This is important because research by CPAG and others shows that, in a majority of cases, people going to food banks do so following an acute income shock, often leaving them with little or no income. Hardship payments are the mechanism in place to prevent people who are sanctioned from having no money at all to live on. That so many are ending up in food banks without knowing that such a system even exists is a clear failure.

Management culture

Last year, research conducted by Oxford University took a systematic approach to analysing the relationship between sanctioning and food bank use. Looking at Trussell Trust foodbank data from across 259 local authorities between 2012 and 2015, the report found a ‘strong, dynamic relationship’, such that, for every ten additional sanctions applied in each quarter of the year, on average five more adults would be referred to Trussell Trust foodbanks in the area. Where sanctioning decreased, food bank use also decreased. Crucially, this research controlled both for variation between local authorities and for the opening of new food banks, ruling out other explanations, and particularly the ‘if you build it, they will come’ explanation once favoured by parts of government.

Most recently, in November, we saw the publication of the National Audit Office report into the use of sanctions. This exposed a gaping hole at the heart of sanctions policy: the government instigated its changes with no evidence as to what impacts they might have, and has since done nothing to track their costs and benefits. The NAO’s finding that sanctions are driven by management culture rather than claimant behaviour – that they are more or less arbitrary – is consistent with the plethora of cases seen by CPAG and others of sanctions being administered for the most trivial or erroneous reasons.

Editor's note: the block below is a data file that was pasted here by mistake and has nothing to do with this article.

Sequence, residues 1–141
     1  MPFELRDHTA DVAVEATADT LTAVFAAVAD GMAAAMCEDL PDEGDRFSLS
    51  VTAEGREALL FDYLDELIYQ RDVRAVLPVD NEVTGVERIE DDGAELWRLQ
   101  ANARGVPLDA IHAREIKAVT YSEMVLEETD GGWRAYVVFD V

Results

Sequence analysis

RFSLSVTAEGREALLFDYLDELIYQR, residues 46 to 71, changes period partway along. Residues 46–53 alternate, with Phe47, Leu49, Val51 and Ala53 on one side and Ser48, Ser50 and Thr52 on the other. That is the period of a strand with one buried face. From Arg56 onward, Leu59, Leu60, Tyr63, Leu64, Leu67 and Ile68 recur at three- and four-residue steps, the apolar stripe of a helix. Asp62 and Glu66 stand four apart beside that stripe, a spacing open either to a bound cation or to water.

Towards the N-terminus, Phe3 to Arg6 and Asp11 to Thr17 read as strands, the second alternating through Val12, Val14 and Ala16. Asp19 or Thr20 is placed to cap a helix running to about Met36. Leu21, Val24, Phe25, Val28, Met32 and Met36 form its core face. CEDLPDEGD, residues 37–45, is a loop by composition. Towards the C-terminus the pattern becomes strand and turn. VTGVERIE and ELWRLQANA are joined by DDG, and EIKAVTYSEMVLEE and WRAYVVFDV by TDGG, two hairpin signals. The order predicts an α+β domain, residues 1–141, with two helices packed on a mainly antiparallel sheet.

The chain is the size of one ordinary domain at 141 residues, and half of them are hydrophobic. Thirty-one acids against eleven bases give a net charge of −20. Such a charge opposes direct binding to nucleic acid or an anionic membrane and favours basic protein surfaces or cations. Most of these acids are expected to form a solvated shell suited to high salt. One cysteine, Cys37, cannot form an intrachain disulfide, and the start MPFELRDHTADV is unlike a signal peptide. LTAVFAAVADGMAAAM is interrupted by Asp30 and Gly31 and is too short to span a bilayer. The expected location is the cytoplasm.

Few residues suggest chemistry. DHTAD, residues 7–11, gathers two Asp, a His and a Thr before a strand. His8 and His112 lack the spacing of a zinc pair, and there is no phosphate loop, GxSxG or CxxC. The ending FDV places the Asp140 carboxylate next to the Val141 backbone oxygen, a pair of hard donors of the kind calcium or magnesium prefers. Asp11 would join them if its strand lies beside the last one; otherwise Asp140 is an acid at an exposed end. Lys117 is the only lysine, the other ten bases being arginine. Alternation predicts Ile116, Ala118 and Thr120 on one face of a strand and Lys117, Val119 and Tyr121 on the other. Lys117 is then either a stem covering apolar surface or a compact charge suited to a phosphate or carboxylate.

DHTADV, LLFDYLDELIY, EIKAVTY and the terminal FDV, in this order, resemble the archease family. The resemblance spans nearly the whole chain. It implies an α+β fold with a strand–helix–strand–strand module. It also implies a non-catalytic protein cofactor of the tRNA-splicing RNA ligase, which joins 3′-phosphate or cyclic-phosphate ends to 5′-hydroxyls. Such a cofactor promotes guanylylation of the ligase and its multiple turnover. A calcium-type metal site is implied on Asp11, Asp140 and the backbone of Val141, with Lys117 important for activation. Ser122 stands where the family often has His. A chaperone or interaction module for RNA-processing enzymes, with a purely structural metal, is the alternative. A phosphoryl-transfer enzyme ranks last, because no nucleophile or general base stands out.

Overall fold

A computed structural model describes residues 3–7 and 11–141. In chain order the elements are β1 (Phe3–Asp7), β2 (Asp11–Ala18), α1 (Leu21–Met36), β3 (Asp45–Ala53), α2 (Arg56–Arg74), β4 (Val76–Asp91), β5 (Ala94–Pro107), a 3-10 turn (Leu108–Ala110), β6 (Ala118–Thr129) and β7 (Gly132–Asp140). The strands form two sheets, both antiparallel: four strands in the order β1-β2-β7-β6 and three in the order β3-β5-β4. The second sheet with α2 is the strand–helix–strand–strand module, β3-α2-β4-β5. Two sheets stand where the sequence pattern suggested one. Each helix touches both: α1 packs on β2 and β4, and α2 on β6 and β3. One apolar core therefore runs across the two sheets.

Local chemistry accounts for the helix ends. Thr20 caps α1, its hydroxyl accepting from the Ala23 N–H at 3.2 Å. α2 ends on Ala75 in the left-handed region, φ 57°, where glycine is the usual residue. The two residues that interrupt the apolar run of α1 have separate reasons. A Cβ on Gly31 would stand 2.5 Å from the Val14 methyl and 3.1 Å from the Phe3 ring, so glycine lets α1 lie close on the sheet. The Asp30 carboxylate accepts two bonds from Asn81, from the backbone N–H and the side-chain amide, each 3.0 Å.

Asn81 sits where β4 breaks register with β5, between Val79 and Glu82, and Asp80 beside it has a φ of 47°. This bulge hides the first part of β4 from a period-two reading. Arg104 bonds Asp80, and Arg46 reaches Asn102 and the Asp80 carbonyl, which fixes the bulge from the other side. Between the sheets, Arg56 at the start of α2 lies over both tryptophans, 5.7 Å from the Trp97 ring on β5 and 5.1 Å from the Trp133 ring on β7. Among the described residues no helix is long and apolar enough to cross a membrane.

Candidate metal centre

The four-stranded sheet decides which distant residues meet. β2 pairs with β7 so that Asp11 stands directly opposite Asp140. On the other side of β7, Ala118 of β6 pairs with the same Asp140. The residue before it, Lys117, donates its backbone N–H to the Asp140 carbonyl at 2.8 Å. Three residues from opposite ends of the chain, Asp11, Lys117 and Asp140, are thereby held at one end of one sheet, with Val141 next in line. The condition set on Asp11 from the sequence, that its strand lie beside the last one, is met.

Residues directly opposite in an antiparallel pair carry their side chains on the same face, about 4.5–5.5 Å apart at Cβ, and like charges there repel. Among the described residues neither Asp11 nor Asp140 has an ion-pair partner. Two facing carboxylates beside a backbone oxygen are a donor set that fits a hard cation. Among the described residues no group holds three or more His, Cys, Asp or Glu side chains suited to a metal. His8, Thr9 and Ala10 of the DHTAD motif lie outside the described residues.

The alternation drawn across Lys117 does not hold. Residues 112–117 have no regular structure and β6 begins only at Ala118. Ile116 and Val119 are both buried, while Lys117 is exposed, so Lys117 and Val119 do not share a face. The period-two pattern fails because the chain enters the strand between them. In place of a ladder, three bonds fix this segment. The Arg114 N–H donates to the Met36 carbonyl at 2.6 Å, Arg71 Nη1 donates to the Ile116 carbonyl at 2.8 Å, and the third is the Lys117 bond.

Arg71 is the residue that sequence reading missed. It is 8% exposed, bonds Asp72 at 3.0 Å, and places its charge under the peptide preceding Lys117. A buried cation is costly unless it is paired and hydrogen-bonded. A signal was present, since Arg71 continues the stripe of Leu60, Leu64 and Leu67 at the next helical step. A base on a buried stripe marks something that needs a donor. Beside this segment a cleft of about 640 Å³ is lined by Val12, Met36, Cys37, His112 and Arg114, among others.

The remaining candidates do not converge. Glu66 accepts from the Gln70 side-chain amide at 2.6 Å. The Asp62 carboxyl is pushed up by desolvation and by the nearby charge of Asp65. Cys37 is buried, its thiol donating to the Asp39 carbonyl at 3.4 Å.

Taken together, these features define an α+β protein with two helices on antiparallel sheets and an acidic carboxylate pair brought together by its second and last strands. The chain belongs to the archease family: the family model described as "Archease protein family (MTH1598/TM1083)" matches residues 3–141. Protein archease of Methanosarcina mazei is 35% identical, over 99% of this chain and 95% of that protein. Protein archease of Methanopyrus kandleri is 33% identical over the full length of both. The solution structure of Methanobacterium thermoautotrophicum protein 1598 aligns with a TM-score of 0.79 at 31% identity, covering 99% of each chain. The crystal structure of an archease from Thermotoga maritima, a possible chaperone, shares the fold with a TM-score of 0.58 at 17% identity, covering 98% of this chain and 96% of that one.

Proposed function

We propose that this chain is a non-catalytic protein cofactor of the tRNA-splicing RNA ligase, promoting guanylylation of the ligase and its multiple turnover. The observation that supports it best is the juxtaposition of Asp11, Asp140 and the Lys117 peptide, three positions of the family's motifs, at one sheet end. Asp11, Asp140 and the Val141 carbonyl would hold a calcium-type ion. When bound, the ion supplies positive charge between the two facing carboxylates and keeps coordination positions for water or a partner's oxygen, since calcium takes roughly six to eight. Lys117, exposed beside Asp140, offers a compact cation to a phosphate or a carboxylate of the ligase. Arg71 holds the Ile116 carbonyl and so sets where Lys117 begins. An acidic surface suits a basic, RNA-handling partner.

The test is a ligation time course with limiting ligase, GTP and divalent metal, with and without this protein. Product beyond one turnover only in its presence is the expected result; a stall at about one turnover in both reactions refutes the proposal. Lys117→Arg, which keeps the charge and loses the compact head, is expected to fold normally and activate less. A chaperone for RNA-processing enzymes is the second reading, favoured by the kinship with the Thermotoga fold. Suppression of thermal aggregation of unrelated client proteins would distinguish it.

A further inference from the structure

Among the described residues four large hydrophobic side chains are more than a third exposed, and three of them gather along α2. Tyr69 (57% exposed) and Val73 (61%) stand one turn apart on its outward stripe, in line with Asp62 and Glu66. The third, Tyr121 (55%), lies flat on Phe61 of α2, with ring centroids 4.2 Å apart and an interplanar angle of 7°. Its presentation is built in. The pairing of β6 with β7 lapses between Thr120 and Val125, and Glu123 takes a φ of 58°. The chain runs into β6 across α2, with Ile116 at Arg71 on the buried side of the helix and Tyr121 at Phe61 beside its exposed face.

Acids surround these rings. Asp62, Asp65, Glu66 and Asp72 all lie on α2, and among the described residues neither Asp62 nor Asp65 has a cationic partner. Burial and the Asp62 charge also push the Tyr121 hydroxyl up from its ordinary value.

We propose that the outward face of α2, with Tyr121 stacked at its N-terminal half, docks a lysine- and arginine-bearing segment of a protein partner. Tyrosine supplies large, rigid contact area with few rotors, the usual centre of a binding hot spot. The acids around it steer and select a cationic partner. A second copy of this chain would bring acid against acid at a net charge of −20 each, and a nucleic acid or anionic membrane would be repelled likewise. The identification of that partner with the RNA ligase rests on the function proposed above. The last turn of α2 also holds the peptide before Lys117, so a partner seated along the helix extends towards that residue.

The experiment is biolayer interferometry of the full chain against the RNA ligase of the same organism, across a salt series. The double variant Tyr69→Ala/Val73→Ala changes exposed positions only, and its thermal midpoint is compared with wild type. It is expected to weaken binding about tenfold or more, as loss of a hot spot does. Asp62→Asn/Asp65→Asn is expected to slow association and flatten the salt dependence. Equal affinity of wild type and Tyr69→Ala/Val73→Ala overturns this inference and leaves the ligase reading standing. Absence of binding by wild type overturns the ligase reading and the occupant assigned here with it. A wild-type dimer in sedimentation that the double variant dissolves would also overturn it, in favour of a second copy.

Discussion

What can be done?

What is to be done? In March 2015, the cross-party Work and Pensions Committee recommended that the DWP commission ‘a broad independent review of benefit conditionality and sanctions, to investigate whether sanctions are being applied appropriately, fairly and proportionately’. Conducting such an independent review seems a good way to address questions as to the appropriate severity of sanctions policy and whether they are truly being used as a last resort that are by their nature political. The government could perhaps reconsider its refusal to do so.

Operationally, there are things that the government could do far more quickly to weaken the link between sanctions and food bank use. Better advertising of hardship payments could help ensure that they are available – and awarded – where appropriate. A true ‘yellow card’ system could ensure that a first mistake doesn’t lead to extreme financial hardship. And modifying fixed term sanctions so that improved claimant behaviour can be rewarded seems fairer, and more conducive to encouraging engagement with job seeking.

Ultimately, the belief that sanctions can and do lead to food bank use has moved from intuition towards a strong and robust evidence base. We must continue to encourage the government to act on that evidence, and make the small but important changes that could prevent tens of thousands of people in Britain being forced to rely upon food banks.